Objective: The purpose of this study was to assess the relationship between road traffic noise exposure at home and the prevalence of hypertension. Methods: We conducted cross-sectional analyses in a large random sample (N = 40,856) of inhabitants of Groningen City, and in a subsample (the Prevention of Renal and Vascular End-Stage Disease [PREVEND]) study cohort, N = 8592. Results: Before adjustment for confounders, road traffic noise exposure was associated with self-reported use of antihypertensive medication in the city of Groningen sample (odds ratio [OR] = 1.31 per 10-dB increase in L-den). Adjusted odds ratios were significant for the subjects between 45 and 55 years old in the full model when adjusted for PM10 (OR = 1.19) and at higher exposure (L-den > 55 dB) only (OR = 1.21; with adjustment for PM10, OR = 1.31). In the PREVEND cohort, the unadjusted odds ratio was 1.35 for hypertension (systolic and diastolic blood pressure > 140 and > 90 mm Hg, respectively, or use of antihypertensive medication). Again, the adjusted odds ratio was significant for subjects between 45 and 55 years old (OR = 1.27; with adjustment for PM10, OR = 1.39). Conclusions: Exposure to road traffic noise may be associated with hypertension in subjects who are between 45 and 55 years old. Associations seemed to be stronger at higher noise levels.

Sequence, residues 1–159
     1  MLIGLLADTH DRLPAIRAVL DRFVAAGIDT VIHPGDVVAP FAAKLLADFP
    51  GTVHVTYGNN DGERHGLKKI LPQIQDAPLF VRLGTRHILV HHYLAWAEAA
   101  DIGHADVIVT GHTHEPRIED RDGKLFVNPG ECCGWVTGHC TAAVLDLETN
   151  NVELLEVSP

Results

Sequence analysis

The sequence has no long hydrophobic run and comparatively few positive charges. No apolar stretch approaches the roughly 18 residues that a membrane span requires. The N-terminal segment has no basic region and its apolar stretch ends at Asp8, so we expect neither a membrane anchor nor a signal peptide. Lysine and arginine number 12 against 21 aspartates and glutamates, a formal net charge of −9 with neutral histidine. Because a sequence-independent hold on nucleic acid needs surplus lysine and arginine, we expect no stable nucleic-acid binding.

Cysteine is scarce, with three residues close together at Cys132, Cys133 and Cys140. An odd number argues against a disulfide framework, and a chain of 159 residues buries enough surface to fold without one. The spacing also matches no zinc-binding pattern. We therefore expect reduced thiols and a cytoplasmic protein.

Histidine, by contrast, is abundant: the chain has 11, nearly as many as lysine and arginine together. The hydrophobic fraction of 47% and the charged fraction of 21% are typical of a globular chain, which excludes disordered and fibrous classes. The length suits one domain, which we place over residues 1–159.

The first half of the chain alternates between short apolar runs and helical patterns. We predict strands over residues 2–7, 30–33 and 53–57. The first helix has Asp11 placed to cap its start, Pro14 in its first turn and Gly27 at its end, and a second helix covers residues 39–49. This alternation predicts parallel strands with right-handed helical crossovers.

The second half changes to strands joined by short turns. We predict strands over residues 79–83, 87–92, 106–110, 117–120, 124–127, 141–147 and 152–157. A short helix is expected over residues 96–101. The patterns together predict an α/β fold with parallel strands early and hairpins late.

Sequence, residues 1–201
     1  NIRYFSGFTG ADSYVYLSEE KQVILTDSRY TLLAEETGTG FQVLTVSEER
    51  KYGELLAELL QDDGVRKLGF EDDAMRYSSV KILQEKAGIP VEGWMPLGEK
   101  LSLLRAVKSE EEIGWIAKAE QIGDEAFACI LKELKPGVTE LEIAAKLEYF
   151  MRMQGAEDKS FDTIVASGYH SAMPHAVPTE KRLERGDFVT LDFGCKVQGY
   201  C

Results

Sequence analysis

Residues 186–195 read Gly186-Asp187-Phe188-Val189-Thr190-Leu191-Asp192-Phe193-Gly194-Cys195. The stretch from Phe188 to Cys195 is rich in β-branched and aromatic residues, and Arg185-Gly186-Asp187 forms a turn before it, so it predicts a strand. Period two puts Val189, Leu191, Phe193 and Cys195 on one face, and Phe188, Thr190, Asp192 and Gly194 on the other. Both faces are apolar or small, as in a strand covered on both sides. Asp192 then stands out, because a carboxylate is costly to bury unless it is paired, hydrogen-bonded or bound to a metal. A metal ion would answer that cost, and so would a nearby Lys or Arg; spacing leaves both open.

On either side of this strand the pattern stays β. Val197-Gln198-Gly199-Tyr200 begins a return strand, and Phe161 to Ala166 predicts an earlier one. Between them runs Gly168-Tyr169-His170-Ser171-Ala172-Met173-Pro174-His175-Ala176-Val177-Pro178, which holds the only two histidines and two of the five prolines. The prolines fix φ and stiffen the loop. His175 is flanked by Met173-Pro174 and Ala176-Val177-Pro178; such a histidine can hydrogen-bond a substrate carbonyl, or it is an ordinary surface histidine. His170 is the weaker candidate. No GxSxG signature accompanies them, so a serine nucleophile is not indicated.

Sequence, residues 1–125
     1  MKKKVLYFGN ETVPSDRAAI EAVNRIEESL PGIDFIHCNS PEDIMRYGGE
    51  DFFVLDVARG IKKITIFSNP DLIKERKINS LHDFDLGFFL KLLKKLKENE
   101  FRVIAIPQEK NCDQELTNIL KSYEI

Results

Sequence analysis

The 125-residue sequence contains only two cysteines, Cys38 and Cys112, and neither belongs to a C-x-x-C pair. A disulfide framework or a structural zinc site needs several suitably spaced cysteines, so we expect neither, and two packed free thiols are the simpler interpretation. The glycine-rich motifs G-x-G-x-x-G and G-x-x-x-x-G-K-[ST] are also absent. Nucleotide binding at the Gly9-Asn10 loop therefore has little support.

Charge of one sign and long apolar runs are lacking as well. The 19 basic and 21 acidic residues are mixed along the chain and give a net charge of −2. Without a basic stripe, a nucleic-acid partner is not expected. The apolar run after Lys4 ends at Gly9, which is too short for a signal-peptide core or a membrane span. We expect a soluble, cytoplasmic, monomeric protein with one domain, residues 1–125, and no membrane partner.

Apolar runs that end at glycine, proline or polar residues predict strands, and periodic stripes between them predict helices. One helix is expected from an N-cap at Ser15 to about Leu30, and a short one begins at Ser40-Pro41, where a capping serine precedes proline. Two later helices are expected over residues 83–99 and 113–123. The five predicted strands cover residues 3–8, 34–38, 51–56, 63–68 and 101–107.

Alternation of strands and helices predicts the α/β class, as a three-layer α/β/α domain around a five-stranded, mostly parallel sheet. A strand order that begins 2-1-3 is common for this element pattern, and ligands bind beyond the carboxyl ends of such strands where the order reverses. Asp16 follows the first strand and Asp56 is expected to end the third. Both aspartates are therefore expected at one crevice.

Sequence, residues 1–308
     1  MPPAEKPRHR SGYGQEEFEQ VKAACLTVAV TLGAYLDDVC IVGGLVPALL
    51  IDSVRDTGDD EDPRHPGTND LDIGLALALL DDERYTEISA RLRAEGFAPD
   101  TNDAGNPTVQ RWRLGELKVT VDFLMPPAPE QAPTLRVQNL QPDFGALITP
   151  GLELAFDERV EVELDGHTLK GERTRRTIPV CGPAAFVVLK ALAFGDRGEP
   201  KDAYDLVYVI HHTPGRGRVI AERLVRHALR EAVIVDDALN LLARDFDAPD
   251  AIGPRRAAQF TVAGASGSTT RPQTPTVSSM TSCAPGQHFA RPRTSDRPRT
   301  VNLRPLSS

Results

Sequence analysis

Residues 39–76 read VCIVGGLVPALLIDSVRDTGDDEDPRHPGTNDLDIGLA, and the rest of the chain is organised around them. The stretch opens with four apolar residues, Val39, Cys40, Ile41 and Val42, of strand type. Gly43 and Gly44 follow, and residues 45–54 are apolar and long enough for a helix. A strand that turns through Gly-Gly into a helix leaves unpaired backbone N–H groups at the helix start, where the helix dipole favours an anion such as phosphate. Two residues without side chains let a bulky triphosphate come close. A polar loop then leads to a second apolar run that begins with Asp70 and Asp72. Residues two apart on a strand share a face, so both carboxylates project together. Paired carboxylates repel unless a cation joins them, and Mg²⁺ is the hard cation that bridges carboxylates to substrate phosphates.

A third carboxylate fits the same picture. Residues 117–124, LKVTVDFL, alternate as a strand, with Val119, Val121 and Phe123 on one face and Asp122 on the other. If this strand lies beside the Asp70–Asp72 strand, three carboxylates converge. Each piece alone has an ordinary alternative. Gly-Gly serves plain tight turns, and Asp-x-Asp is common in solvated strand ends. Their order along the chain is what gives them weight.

|Number of pages||9|
|Journal||Journal of Occupational and Environmental Medicine|
|Publication status||Published - May-2007|
- STREET AIR-QUALITY
- CARDIOVASCULAR RISK
- 1ST PHASE